Martinez Attached Brief

Martinez Attached Brief - drug transaction therefore it is...

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Martinez v. Democrat-Herald Martinez Jr high student. Democrat-Herald newspaper, published story on drug use among youth. Issue : Is the defendant liable for invasion of privacy, by placing the plaintiff in false light and using the plaintiffs likeness for a commercial purpose? Rule : False light places a person in the public eye if it is highly offensive to a reasonable person. What is required is unreasonable and highly objectionable publicity attributing to a person characteristic that she does not possess or beliefs that she does not hold . Commercial appropriation is when the defendant commercially uses someone's name or likeness, normally to imply his endorsement of a product or service or a nonexistent connection with the defendant's business. Application : The defendant took a photo of the plaintiff and published the photo for public view. The photo was captioned as drug transaction, which is highly offensive. The plaintiff was not conducting a
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Unformatted text preview: drug transaction, therefore it is not a characteristic that she holds. The photo was placed in the people section, therefore not much publicity was given. The photo was listed as an apparent drug transaction, so it was not unreasonable or highly objectionable. The plaintiff admits to smoking marijuana and the photo does not depict a belief that she does not hold. Conclusion : No, the defendant was not liable for invasion of privacy and use of likeness for commercial purposes because the plaintiff actually smokes marijuana. It can't be objectionable if the plaintiff actually partakes in the activity. The plaintiffs photo in a newspaper does not imply endorsement of the product or show any connection with the newspaper business. Since there is no liability the plaintiff may not collect compensatory or punitive damages....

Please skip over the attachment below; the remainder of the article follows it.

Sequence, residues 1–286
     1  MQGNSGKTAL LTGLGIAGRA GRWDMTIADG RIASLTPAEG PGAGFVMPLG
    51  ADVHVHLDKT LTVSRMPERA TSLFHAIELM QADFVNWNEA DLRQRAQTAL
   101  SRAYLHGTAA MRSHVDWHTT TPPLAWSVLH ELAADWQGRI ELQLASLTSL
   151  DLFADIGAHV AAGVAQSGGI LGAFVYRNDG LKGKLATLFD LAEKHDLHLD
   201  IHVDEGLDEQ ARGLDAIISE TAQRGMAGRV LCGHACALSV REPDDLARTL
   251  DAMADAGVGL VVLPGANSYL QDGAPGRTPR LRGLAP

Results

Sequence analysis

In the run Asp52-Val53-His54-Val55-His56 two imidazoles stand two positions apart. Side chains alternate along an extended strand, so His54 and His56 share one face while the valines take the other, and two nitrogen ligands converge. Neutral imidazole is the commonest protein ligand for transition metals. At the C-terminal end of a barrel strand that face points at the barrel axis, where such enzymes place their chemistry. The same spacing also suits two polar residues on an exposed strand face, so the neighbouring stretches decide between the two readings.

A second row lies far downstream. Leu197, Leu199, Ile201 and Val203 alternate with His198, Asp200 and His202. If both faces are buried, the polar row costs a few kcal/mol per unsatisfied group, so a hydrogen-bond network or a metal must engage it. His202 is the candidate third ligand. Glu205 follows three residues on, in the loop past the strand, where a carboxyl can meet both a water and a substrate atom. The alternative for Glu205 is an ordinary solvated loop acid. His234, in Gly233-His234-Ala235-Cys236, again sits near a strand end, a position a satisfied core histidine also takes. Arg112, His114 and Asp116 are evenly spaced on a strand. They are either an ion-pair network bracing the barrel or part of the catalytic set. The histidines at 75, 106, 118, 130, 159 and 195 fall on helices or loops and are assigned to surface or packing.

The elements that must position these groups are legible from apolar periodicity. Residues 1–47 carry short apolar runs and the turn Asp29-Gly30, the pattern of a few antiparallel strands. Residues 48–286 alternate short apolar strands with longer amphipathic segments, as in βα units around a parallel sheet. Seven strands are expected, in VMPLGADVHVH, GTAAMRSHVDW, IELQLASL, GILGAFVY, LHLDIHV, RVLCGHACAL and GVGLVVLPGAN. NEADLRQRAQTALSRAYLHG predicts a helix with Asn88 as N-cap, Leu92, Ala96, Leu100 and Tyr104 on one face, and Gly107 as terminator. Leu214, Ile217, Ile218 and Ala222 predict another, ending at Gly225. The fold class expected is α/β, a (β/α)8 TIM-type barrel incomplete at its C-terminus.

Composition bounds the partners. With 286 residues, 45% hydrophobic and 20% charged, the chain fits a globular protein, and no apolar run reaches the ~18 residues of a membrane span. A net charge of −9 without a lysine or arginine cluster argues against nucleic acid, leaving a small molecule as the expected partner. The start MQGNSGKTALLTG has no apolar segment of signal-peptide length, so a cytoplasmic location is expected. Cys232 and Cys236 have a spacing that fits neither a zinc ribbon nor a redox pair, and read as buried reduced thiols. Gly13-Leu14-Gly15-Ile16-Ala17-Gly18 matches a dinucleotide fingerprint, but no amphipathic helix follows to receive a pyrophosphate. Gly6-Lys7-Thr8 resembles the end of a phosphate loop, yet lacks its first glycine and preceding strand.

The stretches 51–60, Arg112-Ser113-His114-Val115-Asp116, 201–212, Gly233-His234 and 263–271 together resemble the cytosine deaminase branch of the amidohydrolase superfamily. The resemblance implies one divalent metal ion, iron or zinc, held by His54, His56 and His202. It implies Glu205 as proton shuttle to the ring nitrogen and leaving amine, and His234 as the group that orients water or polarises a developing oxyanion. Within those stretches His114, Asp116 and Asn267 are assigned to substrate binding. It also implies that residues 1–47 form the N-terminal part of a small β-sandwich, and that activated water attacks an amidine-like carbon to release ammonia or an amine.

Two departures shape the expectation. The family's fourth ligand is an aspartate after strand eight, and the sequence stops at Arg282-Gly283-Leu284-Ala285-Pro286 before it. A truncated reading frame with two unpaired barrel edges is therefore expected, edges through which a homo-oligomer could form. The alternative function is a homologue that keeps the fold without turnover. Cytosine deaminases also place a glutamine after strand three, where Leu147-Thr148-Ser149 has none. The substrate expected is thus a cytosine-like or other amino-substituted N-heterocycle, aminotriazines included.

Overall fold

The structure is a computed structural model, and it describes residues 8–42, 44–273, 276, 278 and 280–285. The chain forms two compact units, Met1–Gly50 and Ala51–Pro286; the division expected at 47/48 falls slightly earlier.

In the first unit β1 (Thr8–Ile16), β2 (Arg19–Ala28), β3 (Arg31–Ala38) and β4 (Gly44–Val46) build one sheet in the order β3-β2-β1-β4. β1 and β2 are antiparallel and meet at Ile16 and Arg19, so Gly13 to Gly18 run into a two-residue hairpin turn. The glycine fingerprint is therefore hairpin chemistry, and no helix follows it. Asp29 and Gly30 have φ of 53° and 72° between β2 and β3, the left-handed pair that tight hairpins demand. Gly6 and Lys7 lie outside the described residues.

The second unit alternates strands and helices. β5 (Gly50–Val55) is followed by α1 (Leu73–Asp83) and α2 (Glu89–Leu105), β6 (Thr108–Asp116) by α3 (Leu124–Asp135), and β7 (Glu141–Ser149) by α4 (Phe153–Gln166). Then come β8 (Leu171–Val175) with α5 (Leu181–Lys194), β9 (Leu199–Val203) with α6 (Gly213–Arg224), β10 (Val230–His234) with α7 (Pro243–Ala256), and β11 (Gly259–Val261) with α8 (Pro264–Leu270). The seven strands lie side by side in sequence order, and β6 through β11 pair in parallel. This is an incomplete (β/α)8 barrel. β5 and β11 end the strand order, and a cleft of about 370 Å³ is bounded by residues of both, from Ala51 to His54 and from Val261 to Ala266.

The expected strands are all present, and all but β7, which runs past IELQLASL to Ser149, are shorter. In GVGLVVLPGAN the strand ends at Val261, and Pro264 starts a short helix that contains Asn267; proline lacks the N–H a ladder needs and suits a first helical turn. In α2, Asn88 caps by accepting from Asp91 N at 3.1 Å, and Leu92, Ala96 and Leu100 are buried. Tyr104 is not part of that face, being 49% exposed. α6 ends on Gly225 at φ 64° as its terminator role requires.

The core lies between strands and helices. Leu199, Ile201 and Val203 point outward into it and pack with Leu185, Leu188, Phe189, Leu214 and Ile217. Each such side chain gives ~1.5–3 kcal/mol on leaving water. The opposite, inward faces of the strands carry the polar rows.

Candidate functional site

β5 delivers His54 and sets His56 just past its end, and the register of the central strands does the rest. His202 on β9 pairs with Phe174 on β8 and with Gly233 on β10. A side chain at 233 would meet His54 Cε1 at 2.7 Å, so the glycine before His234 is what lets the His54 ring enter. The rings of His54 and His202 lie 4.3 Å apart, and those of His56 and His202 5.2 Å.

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This note was uploaded on 03/28/2012 for the course BLAW 280 taught by Professor Ng during the Spring '11 term at CSU Northridge.

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